I Will Glorify Again

I Will Glorify Again March 17, 2024

Sunlight filtering through clouds
image via Pixabay

A reading from the Holy Gospel according to John:

Some Greeks who had come to worship at the Passover Feast
came to Philip, who was from Bethsaida in Galilee, 
and asked him, “Sir, we would like to see Jesus.”
Philip went and told Andrew; 
then Andrew and Philip went and told Jesus.
Jesus answered them, 
“The hour has come for the Son of Man to be glorified.
Amen, amen, I say to you, 
unless a grain of wheat falls to the ground and dies, 
it remains just a grain of wheat; 
but if it dies, it produces much fruit.
Whoever loves his life loses it,
and whoever hates his life in this world
will preserve it for eternal life.
Whoever serves me must follow me, 
and where I am, there also will my servant be.
The Father will honor whoever serves me.

“I am troubled now.  Yet what should I say?
‘Father, save me from this hour’?
But it was for this purpose that I came to this hour.
Father, glorify your name.”
Then a voice came from heaven, 
“I have glorified it and will glorify it again.”
The crowd there heard it and said it was thunder; 
but others said, “An angel has spoken to him.”
Jesus answered and said, 
“This voice did not come for my sake but for yours.
Now is the time of judgment on this world; 
now the ruler of this world will be driven out.
And when I am lifted up from the earth, 
I will draw everyone to myself.”
He said this indicating the kind of death he would die.

 

Some strangers wanted to see Jesus.

What do you do when strangers want to see Jesus?

The Greeks were strangers. “Greek,” in this context, means “Someone who isn’t Jewish.” They weren’t God’s chosen people; they were other people, from somewhere else. Other people from somewhere else had been persecuting God’s chosen people for as long as anybody could remember. Other people from somewhere else were bad people. These bad people had come into town for the Passover, and now they wanted to see Jesus.

Philip was from Bethsaida, in Galilee. Galilee isn’t a fine place to be from either, but at least he isn’t a Greek. The Greeks address him politely, and he mulls it over. He goes to Andrew to ask for advice. Andrew mulls it over, and the two go to Jesus and explain things.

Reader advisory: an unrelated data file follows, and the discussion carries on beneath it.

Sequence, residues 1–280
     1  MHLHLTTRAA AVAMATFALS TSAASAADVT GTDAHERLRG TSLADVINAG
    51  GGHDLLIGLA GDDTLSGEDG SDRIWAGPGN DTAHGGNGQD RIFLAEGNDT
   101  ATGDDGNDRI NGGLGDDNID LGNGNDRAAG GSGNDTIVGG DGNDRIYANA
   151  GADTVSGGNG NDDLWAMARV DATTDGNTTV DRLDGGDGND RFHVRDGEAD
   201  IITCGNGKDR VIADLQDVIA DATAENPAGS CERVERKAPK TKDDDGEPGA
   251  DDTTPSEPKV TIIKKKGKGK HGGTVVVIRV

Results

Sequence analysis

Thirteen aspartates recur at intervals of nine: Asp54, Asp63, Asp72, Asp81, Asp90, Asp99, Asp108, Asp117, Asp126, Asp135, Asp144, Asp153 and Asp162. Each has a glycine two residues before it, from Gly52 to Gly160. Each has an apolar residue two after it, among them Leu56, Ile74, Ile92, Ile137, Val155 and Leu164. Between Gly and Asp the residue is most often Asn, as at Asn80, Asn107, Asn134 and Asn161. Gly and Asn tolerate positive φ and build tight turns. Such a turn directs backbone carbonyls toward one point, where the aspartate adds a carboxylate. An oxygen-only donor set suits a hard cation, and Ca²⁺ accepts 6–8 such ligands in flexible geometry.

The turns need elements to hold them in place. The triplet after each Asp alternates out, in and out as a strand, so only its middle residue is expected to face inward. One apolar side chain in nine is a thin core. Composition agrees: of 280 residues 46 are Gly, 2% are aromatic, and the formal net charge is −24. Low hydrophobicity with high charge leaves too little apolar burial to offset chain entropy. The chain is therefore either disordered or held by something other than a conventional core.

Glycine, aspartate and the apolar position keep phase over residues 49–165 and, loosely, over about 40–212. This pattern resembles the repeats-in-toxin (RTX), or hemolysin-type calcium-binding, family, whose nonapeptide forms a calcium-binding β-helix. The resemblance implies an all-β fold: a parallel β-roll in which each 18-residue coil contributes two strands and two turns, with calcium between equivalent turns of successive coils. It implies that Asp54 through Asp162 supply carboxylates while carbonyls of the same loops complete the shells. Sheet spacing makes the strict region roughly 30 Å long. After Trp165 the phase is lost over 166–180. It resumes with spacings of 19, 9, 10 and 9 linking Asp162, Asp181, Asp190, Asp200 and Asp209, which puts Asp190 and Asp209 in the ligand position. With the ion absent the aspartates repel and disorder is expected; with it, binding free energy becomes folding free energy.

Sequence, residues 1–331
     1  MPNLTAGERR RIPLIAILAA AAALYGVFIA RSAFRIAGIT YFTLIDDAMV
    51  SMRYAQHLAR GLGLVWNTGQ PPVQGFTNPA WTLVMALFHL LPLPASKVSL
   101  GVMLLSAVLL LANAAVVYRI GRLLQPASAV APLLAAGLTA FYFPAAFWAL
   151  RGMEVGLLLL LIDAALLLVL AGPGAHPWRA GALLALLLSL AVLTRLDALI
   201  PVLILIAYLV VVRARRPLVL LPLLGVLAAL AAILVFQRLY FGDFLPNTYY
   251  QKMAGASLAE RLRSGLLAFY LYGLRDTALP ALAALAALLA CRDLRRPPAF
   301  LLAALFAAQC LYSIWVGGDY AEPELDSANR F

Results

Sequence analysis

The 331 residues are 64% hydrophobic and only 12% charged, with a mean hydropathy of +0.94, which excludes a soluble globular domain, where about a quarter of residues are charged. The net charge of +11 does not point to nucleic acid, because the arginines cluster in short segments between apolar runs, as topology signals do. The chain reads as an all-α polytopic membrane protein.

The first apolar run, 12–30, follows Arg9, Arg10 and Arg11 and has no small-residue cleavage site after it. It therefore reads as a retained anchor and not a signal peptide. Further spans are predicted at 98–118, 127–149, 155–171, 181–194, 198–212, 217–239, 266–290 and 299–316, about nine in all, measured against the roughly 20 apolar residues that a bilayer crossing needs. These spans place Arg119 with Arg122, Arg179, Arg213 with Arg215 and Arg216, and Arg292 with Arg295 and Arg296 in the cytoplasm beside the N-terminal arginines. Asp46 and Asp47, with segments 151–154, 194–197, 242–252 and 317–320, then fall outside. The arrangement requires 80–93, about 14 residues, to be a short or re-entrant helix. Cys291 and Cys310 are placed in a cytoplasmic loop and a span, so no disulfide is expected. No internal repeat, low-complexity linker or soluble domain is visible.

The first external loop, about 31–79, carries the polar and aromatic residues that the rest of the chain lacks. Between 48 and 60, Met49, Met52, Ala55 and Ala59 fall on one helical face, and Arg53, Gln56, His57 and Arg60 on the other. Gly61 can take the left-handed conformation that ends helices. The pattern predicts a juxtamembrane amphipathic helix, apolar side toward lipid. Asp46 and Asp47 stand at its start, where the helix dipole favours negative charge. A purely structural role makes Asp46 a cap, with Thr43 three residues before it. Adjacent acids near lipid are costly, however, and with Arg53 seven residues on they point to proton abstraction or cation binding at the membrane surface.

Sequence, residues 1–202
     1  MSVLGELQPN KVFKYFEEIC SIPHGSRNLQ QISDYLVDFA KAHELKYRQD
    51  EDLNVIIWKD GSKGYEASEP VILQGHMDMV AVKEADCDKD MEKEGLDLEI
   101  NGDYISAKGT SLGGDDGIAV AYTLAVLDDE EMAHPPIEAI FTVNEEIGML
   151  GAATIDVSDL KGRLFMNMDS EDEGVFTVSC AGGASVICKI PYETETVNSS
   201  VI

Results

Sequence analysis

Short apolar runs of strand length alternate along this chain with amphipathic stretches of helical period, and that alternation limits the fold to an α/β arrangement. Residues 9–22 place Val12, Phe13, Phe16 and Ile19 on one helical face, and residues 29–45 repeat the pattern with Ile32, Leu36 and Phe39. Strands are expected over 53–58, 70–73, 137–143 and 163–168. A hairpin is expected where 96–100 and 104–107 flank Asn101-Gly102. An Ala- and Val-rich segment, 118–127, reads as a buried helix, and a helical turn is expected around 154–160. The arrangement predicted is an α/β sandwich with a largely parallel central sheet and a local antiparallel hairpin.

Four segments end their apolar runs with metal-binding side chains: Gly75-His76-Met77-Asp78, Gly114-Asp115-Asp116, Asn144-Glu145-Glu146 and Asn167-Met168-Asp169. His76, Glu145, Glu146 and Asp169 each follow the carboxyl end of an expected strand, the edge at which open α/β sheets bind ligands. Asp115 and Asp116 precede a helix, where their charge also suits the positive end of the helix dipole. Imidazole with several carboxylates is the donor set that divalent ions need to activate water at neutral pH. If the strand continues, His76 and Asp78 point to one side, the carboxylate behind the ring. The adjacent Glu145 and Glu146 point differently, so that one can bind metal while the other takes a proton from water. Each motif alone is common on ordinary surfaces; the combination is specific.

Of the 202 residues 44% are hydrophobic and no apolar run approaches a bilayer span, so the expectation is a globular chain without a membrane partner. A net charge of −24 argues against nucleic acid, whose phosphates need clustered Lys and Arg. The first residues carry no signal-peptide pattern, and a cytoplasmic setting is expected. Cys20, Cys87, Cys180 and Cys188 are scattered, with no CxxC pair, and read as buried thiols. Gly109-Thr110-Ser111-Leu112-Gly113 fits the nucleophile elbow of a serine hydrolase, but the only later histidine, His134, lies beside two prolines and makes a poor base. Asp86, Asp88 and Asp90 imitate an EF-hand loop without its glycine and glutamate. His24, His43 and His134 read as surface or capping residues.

Jesus is thrilled. This is what He’s been waiting for. “Now is the time for the Son of Man to be glorified.” 

Now– now is the time for the Son of Man to be glorified. Now, and not before. Now, when bad people from other places come to seek Jesus, is the time for the Son of Man to be glorified. When people we don’t like seek Jesus, the Son of Man is glorified. When people we think are below us seek Jesus, the Son of Man is glorified. When people who sin differently from us seek Jesus, the Son of Man is glorified. Not when we decide they’ve repented enough, but now.

And then Jesus goes on, in the most surprising way.

Amen, amen, I say to you,  unless a grain of wheat falls to the ground and dies,  it remains just a grain of wheat;  but if it dies, it produces much fruit. Whoever loves his life loses it, and whoever hates his life in this world will preserve it for eternal life.

Death is not optional. Grains of wheat always die. That’s what a grain of wheat does. It can’t stay on the stalk indefinitely. Either it falls to the ground and dies, or it’s made into bread and eaten and dies. Jesus is about to do both.

Now is the Son of Man glorified: now, when He is about to die. Not because death is good but because this death will bear fruit. Because living the life we have to live and dying when it comes to an end is inevitable, but it has meaning now. Because everyone who desperately tries to hold onto their material life will die anyway, but those who let their death be one with Christ’s death will find a new life. Because everyone who clings to the familiar life they know will surely lose it, but the ones who accept the strange new things that God is doing will find something much better.

Whoever loves his life loses it, and whoever hates his life in this world will preserve it for eternal life. Whoever serves me must follow me,  and where I am, there also will my servant be. The Father will honor whoever serves me.

“I am troubled now.  Yet what should I say? ‘Father, save me from this hour’? But it was for this purpose that I came to this hour. Father, glorify your name.”

And then there was a wondrous sign: A voice from Heaven replied, “I have glorified it and will glorify it again.” 

The crowd there heard it. Everyone heard it. Philip and Andrew who came from Galilee heard it. The Greeks, those strangers who had heard of Jesus and asked to see Him, heard it. All heard it together, but nobody understood. It must have been thunder. Maybe it was an angel.

“This voice did not come for my sake but for yours. Now is the time of judgment on this world; now the ruler of this world will be driven out. And when I am lifted up from the earth,  I will draw everyone to myself.”

He said this indicating what type of death He would die, but nobody understood.

Being lifted up from the earth isn’t optional. Nobody stays on earth forever. The death He chooses is the death that gathers all people to Himself.

Whoever has ears, let him hear.

 

 

Mary Pezzulo is the author of Meditations on the Way of the Cross, The Sorrows and Joys of Mary, and Stumbling into Grace: How We Meet God in Tiny Works of Mercy.

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